A couple of months ago at CES Panasonic was one of the vendors showing off Tru2way, nee OCAP, products. At the time I focused on their ‘portable DVR‘, which I still think is a poor idea. But what I didn’t mention at the time were their Tru2Way CableCARD HDTVs, which they said would be out later this year. Well, based on reports in Dealerscope and Home Theater Magazine, it looks like they’ll be true to their word. Panasonic will be introducing Tru2Way to their PX80 720p and PZ80 1080p VIERA plasma line-ups in the second half.
The first generation of CableCARD TVs, which were all unidirectional, didn’t sell well and they’ve faded to just a few models left in the market. The hope is that the new generation of CableCARD sets, with Tru2Way, will succeed where the first generation failed. With Tru2Way the TV will have all of the functionality of a non-DVR cable STB – support for Switched Digital Video (SDV), OnDemand, PayPerView, on-screen program guide, etc. It will completely replace the cable box while providing all of the same functionality, unlike the first generation which only allowed access to linear content – no SDV, VOD, PPV, EPG, etc.
In theory, Tru2Way-enabled TVs could also offer DVR functionality, either with built-in storage or an external add-on. The cable MSO could push down OCAP-based DVR software, like TiVo’s software for Comcast, to provide the DVR functionality. But that would require support in the hardware, including encoding chips to handle the analog channels. (Note that I’m talking in general here, there is no sign of the Panasonic sets having any such features!) This would all be easier with a complete digital system. Once NTSC is phased out (less than year from now), the last obstacle will be the lingering analog cable channels. If a cable MSO went 100% digital, or at least offered digital simulcast of all their channels, it would be possible to provide DVR functionality without any encoding hardware. You’d simply need to save the signal as-received, and then play it back later – and the playback hardware is already in there, of course. (This is how satellite DVRs work today, they’re 100% digital. And there are some cable DVR models like this as well, for areas where the system is already 100% digital.)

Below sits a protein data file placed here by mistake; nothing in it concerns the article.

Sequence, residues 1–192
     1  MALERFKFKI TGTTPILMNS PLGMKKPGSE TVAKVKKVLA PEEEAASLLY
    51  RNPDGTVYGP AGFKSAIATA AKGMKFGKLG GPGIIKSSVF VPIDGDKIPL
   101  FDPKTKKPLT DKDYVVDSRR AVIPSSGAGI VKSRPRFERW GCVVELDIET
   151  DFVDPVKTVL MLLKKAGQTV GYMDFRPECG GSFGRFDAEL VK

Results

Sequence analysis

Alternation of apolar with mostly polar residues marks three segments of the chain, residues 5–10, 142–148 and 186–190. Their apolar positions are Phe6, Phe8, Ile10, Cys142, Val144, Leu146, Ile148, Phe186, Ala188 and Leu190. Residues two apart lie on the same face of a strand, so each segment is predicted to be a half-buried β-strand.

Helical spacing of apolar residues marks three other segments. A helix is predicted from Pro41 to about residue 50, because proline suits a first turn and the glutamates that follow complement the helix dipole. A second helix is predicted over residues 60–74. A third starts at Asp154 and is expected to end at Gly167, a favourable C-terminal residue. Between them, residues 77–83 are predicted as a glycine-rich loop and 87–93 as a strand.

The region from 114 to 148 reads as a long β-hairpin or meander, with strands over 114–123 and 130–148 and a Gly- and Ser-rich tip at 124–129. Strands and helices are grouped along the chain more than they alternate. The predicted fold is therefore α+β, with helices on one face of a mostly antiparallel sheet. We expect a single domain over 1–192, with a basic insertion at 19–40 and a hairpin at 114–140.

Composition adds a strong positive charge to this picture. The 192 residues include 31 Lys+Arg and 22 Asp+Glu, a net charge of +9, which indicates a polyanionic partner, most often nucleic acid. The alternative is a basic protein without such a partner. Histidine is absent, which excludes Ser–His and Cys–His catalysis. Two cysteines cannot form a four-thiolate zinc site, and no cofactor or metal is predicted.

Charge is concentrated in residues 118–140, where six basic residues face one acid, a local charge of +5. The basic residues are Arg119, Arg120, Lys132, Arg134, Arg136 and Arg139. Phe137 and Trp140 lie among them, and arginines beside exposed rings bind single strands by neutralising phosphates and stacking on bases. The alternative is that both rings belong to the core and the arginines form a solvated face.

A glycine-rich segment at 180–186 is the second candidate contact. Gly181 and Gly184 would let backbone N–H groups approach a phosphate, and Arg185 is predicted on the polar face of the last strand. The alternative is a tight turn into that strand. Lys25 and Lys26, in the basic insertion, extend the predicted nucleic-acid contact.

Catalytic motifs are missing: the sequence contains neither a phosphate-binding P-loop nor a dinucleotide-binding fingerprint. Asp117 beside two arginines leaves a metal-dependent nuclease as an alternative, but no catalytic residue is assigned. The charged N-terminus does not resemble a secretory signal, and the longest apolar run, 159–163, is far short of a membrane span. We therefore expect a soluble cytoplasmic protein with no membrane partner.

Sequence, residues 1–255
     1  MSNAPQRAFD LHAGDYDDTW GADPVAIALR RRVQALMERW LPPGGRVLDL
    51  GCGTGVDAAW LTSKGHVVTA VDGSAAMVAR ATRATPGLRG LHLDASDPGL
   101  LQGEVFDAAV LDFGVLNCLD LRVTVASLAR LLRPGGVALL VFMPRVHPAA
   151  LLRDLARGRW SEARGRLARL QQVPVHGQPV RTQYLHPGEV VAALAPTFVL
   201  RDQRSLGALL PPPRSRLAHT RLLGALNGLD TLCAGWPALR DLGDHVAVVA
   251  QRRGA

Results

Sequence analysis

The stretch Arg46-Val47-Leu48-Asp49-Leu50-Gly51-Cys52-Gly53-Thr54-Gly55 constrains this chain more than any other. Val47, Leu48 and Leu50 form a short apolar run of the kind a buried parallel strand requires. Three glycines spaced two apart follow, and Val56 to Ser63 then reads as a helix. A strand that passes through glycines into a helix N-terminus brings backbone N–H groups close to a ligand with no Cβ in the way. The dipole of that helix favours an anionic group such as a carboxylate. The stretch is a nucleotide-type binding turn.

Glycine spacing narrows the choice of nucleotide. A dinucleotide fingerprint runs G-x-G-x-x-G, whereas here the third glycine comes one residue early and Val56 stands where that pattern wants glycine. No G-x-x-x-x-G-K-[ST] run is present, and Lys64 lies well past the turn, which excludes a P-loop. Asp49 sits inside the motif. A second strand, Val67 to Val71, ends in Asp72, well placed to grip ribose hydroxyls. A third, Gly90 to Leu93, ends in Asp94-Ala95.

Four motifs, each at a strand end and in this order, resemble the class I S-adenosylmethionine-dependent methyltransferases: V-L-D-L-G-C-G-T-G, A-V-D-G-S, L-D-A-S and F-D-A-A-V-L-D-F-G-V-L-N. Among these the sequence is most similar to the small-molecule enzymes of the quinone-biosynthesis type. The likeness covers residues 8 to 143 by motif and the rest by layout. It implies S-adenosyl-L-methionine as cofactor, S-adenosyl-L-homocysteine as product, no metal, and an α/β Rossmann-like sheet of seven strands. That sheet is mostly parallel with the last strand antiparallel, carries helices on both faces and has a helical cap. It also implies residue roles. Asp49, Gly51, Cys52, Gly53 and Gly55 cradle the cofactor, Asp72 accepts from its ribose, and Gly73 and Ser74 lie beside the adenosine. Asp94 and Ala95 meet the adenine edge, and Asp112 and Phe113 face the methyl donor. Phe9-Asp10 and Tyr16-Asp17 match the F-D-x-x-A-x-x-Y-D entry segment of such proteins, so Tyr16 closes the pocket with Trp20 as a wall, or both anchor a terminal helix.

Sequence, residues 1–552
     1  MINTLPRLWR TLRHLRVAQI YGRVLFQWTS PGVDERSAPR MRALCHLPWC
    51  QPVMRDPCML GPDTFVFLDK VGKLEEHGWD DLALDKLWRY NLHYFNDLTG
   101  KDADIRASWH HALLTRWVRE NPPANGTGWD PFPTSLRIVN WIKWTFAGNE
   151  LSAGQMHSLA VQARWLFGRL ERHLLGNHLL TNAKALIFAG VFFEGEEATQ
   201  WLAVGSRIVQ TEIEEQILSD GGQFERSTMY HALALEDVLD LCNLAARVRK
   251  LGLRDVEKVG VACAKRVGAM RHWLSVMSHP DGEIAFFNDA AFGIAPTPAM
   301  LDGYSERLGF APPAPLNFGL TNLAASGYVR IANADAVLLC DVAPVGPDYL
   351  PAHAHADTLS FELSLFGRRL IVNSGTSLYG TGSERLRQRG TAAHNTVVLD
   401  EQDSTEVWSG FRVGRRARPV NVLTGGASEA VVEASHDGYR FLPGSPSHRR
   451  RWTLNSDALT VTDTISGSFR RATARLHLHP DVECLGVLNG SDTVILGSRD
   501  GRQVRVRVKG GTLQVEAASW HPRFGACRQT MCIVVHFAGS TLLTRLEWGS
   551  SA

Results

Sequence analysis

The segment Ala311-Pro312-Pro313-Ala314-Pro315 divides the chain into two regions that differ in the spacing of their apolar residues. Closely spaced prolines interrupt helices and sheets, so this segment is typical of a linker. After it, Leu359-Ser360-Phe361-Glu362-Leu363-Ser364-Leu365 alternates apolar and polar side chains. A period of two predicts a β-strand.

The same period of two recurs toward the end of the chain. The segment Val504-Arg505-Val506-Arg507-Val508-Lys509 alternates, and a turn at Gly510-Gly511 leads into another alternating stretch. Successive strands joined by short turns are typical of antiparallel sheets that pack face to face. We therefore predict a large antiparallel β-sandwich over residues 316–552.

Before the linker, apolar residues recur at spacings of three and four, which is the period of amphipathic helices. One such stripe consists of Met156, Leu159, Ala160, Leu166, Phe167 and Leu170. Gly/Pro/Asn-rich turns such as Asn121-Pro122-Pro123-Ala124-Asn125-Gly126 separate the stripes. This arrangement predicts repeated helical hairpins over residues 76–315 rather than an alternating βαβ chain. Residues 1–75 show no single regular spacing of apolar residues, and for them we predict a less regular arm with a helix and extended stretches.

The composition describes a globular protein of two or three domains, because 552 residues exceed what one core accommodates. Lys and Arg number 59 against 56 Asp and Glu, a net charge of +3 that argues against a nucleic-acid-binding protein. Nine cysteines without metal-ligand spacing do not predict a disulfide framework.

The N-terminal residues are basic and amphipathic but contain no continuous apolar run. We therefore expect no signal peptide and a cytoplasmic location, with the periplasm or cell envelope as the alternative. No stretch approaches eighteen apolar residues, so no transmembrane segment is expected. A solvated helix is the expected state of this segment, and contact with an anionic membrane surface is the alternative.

ZatzNotFunny also covered this today.